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Old 04-28-2008, 05:26 PM   #51
tupogirl
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Demons of Deception was the last one I watched, and while Verdun was a great episode, Paris was just.....plain bad. It made me ill. I fast-forwarded through several scenes. The point of learning a little more about the wiles of love could have been made without being so graphic. I think it really brought down Indy's character and was completely unnecessary.

I was incredibly sneaky to get this on tape back then!! I had a huge elaborate plan that worked, lol.

I'd much rather read the novel of it then watch the episode. I did think they needed SPF shirtless more. I think it's an important one though for the discussion on why men want to 'control' beautiful women (men want to own beautiful things) and how she is using him for his youth.

It pisses me off how fast he wanted a commitment from her. Although he is a pretty fast mover I guess, falls in love fast and hard. Probably because of losing his mama so young and having a cold father. It happens.
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Old 04-28-2008, 06:34 PM   #52
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Quote:
Originally Posted by tupogirl
It pisses me off how fast he wanted a commitment from her. Although he is a pretty fast mover I guess, falls in love fast and hard. Probably because of losing his mama so young and having a cold father. It happens.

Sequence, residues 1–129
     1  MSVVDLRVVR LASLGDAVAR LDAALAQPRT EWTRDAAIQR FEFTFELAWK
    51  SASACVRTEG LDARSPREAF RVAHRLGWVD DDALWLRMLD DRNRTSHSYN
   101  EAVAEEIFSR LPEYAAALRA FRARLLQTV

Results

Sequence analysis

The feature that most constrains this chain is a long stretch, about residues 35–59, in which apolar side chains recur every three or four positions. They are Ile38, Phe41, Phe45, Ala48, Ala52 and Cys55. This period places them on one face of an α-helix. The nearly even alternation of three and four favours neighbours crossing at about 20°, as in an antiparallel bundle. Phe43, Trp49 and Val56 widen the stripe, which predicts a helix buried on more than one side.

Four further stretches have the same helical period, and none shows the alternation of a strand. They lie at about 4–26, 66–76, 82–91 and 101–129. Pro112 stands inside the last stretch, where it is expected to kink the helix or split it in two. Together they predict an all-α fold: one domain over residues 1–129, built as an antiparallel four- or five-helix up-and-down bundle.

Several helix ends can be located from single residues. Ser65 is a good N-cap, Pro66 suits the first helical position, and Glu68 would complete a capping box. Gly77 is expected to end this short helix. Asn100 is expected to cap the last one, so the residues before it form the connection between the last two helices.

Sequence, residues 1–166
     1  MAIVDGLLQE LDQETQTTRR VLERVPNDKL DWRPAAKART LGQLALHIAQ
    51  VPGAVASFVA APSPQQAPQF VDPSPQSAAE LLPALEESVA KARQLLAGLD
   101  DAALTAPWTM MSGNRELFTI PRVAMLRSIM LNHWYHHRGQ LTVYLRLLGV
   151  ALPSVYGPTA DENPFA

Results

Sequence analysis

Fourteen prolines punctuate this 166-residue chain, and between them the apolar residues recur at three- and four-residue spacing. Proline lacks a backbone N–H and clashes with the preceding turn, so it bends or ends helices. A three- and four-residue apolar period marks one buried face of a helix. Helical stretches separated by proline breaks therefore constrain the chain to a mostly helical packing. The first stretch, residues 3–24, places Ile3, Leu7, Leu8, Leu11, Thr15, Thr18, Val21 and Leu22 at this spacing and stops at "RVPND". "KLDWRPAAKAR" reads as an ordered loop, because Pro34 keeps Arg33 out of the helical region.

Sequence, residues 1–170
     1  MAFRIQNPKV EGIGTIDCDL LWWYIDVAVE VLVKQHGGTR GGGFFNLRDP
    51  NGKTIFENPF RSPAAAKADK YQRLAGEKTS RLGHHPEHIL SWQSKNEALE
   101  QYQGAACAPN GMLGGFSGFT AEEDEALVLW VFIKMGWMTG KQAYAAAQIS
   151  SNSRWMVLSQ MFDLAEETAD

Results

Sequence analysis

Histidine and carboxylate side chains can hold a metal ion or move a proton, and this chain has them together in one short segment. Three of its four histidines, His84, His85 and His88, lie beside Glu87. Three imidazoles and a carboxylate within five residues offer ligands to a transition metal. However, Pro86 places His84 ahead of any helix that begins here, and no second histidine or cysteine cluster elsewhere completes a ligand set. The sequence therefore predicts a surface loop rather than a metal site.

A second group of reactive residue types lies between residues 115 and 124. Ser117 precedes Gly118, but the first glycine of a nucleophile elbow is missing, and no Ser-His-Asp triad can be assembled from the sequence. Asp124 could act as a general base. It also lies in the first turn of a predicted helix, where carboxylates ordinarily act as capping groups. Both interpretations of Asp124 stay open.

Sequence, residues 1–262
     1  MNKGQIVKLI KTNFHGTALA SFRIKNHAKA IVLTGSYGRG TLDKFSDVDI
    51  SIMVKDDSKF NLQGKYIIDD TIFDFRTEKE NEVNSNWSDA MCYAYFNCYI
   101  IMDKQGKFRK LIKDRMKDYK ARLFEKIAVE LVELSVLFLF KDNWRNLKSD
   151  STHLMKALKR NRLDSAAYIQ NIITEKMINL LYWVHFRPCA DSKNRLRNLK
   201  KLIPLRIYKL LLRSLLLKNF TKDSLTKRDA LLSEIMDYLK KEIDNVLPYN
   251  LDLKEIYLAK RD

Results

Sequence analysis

Whoa! In Indy's defense, she said him, "Tell me. Tell me you love me." first
(the next day!) "O.K., I love you." he replies because she wanted to hear it.
She gets all giddy after having her vanity satifisfied. Indy seems to mean it,
but he was prompted to say the words. His behaviour is justifiable although
he should have just split the scene entirely. Indy's a real sucker in this one!

As far as him being a fast mover, I've been meaning to start on thread
regarding a major influence on that very subject.
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Old 04-28-2008, 08:50 PM   #53
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He'd been having such a rough time in the trenches, it's hard to blame him! Glad he got to have a little warmth and fun there.

Do you think he slept with Elizabeth Hurley in London, or Mata Hari was his first?
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Old 04-29-2008, 01:51 AM   #54
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Do you think he slept with Elizabeth Hurley in London, or Mata Hari was his first?

The book, The Mata Hari Affair by James Luceno says that Mata Hari was his first.
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Old 04-29-2008, 01:53 AM   #55
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Originally Posted by Stoo
Whoa! In Indy's defense, she said him, "Tell me. Tell me you love me." first
(the next day!) "O.K., I love you." he replies because she wanted to hear it.
She gets all giddy after having her vanity satifisfied. Indy seems to mean it,
but he was prompted to say the words. His behaviour is justifiable although
he should have just split the scene entirely. Indy's a real sucker in this one!

As far as him being a fast mover, I've been meaning to start on thread
regarding a major influence on that very subject.


No, no I agree. And Remy has been urging him to get it on for quite a few episodes now. He's 17, he's in a war, I do not blame him. And it was probably better for Indy to be with her then with the gals Remy found for them!


She definitely went after him, yes. I don't blame him, no. I just feel bad for him that he ended up thinking it was more real than it was. The boy had absolutely no problems with commitment!!!!! Definitely had terrible luck in that area of his life.